Objections were many and varied: but it really is true that the academic literature here states that rises in prices do lead to fewer purchases of the thing that has risen in price. Labour is not an exception to this rule.

Actually, there are tons of exceptions to this so-called “rule,” and the academic literature is full of them. Health care and housing markets, for example. There’s even some debate over the elasticity of labor markets. But regardless, these “rules” are meant to describe perfect markets, economic unicorns that do not exist in the real world.

In the real world, the labor market is actually quite complex. When workers have more money businesses have more customers, and when businesses have more customers they hire more workers. Also, the power imbalance between employers and workers means that wages are often lower than what the employer can afford. As Adam Smith pointed out: “Masters are always and every where in a sort of tacit, but constant and uniform combination, not to raise the wages of labour above their actual rate.” Doesn’t sound like a perfect market to me.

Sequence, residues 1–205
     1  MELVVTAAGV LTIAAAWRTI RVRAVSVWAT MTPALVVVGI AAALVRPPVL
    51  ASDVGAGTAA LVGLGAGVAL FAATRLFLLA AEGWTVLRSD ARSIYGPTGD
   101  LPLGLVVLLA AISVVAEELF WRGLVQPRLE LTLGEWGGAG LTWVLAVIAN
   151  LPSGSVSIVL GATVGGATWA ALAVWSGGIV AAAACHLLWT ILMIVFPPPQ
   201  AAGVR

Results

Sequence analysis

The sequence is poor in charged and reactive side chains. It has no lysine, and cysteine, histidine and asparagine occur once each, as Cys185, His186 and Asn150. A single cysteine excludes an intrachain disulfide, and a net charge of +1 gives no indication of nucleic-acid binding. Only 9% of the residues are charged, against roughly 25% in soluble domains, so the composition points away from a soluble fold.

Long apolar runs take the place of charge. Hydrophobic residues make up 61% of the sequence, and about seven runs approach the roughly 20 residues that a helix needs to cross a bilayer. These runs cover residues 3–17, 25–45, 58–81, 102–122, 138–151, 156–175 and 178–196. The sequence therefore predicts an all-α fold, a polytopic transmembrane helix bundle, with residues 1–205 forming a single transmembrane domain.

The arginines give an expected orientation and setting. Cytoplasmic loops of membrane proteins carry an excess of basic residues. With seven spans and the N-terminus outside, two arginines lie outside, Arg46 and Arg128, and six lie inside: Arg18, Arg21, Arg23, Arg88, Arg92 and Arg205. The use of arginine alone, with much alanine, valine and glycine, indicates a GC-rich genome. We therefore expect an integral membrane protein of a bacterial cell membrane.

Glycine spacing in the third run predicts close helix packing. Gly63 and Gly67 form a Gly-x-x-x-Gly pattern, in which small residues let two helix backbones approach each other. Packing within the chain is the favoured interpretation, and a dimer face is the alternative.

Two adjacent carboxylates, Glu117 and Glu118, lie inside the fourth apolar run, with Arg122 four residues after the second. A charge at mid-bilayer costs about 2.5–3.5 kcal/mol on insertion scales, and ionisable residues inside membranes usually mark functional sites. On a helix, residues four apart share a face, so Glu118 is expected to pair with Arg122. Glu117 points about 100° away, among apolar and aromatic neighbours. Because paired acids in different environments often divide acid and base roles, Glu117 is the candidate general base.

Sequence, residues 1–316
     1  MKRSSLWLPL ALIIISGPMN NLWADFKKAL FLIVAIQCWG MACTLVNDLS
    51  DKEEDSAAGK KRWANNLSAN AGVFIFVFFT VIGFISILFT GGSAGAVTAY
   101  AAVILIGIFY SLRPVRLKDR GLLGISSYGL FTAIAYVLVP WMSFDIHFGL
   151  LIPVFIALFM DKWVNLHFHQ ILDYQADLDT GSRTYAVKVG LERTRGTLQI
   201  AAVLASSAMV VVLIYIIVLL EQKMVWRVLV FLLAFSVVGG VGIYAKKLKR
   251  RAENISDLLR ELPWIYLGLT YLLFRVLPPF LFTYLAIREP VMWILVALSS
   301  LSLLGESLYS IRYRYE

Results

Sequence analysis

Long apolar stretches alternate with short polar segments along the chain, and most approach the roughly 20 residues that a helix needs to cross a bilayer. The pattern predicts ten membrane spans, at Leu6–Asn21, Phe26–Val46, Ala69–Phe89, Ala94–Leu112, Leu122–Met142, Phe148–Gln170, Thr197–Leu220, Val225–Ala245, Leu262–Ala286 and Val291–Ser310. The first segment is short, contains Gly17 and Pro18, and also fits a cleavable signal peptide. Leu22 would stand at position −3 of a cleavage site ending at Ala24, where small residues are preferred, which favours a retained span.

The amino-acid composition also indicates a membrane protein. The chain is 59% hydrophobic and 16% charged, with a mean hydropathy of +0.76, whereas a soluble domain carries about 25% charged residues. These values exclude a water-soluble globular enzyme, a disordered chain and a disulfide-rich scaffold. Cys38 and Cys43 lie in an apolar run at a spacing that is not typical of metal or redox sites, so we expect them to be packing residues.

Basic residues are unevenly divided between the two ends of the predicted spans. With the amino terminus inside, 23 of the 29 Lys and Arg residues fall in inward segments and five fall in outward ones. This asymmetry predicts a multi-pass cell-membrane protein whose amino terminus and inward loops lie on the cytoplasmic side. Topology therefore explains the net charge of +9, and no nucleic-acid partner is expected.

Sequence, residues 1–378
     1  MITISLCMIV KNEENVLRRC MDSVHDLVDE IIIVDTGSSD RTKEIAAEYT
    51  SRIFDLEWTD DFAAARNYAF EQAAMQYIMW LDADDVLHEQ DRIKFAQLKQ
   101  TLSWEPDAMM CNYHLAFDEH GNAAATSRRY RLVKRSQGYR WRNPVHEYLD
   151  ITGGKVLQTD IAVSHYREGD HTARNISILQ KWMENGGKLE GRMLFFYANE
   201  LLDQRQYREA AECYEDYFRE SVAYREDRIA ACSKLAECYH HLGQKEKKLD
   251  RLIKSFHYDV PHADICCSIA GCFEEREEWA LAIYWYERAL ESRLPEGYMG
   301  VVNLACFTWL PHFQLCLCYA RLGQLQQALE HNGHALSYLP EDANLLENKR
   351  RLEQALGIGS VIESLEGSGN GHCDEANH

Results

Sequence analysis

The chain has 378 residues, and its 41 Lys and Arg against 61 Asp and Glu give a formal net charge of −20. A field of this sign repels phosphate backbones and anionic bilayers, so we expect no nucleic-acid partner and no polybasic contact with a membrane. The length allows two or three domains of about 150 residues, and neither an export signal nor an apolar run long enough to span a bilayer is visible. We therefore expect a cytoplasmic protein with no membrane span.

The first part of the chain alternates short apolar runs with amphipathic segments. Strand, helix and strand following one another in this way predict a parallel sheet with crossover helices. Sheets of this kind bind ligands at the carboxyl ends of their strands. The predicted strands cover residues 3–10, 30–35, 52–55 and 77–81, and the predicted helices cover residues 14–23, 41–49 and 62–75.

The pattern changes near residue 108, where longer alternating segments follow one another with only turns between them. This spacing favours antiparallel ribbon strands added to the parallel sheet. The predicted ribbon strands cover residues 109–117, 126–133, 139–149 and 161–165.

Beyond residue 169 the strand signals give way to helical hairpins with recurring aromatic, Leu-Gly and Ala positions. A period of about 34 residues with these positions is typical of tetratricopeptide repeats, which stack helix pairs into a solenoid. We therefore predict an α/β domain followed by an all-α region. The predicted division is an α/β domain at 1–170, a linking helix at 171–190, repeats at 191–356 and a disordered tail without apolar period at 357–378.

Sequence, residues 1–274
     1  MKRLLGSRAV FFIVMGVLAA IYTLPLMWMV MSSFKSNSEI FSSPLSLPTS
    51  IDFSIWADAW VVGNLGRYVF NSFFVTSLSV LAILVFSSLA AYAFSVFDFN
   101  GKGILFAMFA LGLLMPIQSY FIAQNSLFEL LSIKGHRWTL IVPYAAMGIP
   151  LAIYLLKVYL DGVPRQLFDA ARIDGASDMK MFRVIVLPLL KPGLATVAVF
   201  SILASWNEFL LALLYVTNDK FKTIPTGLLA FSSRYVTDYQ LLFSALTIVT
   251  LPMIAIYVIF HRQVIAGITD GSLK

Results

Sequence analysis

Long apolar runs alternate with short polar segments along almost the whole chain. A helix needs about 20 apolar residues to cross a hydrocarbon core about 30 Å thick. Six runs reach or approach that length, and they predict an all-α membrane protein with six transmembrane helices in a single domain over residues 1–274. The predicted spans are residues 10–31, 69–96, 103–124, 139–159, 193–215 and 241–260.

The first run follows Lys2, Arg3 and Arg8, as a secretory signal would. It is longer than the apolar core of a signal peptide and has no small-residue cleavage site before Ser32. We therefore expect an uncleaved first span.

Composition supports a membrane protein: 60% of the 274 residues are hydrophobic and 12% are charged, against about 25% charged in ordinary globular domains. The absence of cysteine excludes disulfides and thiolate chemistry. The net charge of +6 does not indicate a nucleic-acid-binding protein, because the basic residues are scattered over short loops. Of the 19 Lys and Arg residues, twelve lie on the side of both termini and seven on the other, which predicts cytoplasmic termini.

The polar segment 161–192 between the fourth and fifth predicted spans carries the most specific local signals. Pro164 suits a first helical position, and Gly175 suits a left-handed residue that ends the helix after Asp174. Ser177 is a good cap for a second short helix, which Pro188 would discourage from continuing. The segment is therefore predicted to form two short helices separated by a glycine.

Further, there’s plenty of work in the literature specifically about the minimum wage which says that modest changes will have modest employment effects. But no one at all is stating that large rises will not have some effect in reducing employment.

There is plenty of work in the literature—particularly, the most current literature—that says that empirical evidence shows little or no employment effects from modest changes in the minimum wage. As for $15, well, there just aren’t enough data points yet to know for sure what the effect will be.

But the lack of data never stops Worstall:

And so it has come to pass:

Ritu Shah Burnham doesn’t want to go out of business, but says she can’t afford the city’s mandated wage hikes.

“I’ve let one person go since April 1, I’ve cut hours since April 1, I’ve taken them myself because I don’t pay myself,” she says. “I’ve also raised my prices a little bit, there’s no other way to do it.”

And this is happening at this small business a little faster than it is at others because: